This, for posterity and my non FB audience, is a rewrite of a bunch of short FB posts on progression of my sewing machine dramas. I hope I’ve caught all the necessary tense changes:
I woke up the morning after this post thinking that clunky feed dog thing was a deal breaker if it couldn’t be fixed. Sproingy clunk every time I touched the knee lever, which is every few seconds of sewing. So I called the shop and told them so. They said to bring it in so they can look at it. I felt better for having got to that point.
Then there was a weekend, during which I thought I’d better check carefully to get the best understanding of the problem I could manage.
So very glad I checked before going back to the sewing machine shop. The knee lever on my old machine *does* drop the feed dogs! I’d never noticed this in all those years! However it does so much more smoothly and quietly than the new machine, and doesn’t grab and shift the work.
A careful comparison of the two machines exposed this: Two main differences were pissing me off.
1. that the feed dogs on the 570 drop with a loud, spring like reverb, whereas the old one is almost silent.
2. the new one drops the feed dogs almost instantly on pushing the lever while the old one lowers them gradually, silently and recoverably for about half the range of lever movement. Only if one pushes past half way do the dogs drop fully and have to spring back when stitching resumes. which means one can partially lift the foot, swivel the work and resume without the feed dogs intefering with fabric position. Yup, got it.
On the following Monday I took the 570 back to the shop: “There is nothing wrong with it, they all do that, no one else has complained, we sell a lot of these, there is no adjustment or fix because it’s not broken”. I was just about in tears after this conversation. I raised the possibility of a return, which they brushed off. I asked them to check two things with Bernina for me.
1. Whether there was any way to adjust the knee lever action on the feed dogs, including deactivating it.
2. If there is a needle plate available for this machine with metric seam markings at the front.
While they did this, I left the machine in the shop. I knew that if I took it with me, I might not have had the nerve to go back. Then I went and visited some friends for a couple of hours.
The answer to both questions was no. Argh. After some angst ridden thought, I decided I’d be miserable if I tried to live with it. I can’t live with such an expensive machine that makes unexpected loud sproingy noises when I use it the way I prefer to, which is supposedly a perfectly fine and recommended way to use it. So back to the shop, and returned it, as in, got my money back. Their tone had changed when I went back, polite and agreed promptly to the return. I do wonder how much of that was due to my (somewhat imposing and male) friend coming with me as back up. Regardless of whether his presence changed their behaviour, I’m grateful to him for the emotional support.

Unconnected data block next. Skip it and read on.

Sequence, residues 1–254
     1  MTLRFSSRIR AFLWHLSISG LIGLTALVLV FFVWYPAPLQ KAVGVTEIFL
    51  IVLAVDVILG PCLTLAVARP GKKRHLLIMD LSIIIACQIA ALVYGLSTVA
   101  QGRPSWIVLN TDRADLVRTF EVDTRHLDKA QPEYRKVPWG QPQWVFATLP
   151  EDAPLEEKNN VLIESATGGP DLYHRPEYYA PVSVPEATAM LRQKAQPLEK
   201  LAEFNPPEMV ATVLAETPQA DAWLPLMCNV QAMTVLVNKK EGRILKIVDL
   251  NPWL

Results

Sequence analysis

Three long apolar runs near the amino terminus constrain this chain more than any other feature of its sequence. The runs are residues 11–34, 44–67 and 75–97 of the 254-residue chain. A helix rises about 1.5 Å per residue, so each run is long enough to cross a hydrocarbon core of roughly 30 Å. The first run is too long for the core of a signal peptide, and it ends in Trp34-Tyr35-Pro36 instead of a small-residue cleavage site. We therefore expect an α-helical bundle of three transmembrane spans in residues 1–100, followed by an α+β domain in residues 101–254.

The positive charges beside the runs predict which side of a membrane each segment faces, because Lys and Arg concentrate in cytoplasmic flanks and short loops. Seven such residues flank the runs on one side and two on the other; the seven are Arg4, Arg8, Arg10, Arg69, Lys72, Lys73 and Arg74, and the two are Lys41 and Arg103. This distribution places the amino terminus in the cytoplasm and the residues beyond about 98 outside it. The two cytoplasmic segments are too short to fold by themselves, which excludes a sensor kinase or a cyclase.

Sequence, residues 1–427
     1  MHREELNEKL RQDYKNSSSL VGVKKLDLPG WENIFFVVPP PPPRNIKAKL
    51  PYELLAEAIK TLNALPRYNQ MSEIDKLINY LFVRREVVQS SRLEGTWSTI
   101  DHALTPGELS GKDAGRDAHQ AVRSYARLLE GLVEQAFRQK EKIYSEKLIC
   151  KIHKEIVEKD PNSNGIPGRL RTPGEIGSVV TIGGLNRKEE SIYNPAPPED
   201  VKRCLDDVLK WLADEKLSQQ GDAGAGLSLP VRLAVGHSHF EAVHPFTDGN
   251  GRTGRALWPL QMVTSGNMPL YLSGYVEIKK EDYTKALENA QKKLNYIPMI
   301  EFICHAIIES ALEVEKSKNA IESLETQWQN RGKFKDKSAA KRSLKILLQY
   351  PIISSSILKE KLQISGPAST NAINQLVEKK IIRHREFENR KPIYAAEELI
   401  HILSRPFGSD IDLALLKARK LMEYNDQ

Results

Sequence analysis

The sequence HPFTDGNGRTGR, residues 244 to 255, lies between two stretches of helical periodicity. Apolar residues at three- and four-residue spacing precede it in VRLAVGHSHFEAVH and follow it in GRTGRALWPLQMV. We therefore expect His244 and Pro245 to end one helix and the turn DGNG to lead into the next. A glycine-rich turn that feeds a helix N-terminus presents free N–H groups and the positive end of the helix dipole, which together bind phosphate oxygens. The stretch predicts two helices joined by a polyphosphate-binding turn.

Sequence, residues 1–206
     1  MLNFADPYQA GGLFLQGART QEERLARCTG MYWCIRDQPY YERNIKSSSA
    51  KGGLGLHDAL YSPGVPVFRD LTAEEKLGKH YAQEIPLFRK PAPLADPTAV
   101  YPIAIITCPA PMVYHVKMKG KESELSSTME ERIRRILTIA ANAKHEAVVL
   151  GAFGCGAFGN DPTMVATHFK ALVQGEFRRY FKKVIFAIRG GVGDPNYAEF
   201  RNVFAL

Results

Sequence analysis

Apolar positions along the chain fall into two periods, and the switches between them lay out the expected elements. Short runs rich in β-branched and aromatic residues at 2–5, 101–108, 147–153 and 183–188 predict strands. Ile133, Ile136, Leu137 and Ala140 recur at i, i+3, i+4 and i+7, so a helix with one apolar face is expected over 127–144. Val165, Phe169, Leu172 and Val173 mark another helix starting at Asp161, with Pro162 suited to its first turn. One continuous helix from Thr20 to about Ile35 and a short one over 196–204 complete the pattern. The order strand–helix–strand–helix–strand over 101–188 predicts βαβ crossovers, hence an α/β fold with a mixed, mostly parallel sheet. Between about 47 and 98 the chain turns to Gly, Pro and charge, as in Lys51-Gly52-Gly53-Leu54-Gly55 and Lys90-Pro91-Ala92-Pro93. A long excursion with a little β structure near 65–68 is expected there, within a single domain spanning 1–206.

Gah, I didn’t mean, want or expect this to be such a saga. I was relieved but sad, confused and needing to start again with the search. I’m distressed that the obvious option of buying a current model Bernina is off the table.
Replacing my 1230 seems to be a truly difficult task, so putting a bit more effort into trying to keep it going is reasonable. The current state of play is that it’s with a third and recommended fixit man to see what magic he can manage. He had a nice simple theory, which would be so good if that is all the problem. Fingers crossed.
Then, a week later, my longest friend gave me even more reasons to love her. This is her machine, very kindly lent to me. I’d forgotten she even had a Bernina. It turns out to be a 1030, a mechanical version of mine, including the same knee lever action…. and wonder of wonders, it has a stepping motor!!!! AWOOGA, AWOOGA. I want one if I can possibly get one!!. Pity it’s a 30yr old machine. One might come up for sale? Maybe? There are a couple of features lacking, but it’s mechanical nature means it should last many more years. The electronic nature of mine means it will die eventually, even if it can be improved in the short term.
So far the borrowed machine has made a pair of jeans and is partway through a silk velvet jacket. The sewing action is a bit different to what I’m used to, but it works well.
Then another friend said that her sewing machine mechanic has a 1030 that he is working on prior to selling it. On the other side of the country, but still. Fingers very crossed!!
Updatery: It turns out that the 1030 is not fully mechanical. It does have a circuit board. So it’s not as age proof as I had hoped. I had been told that stepping motor and fully mechanical were if not totally mutually exclusive, then close to it. So I’m not completely surprised.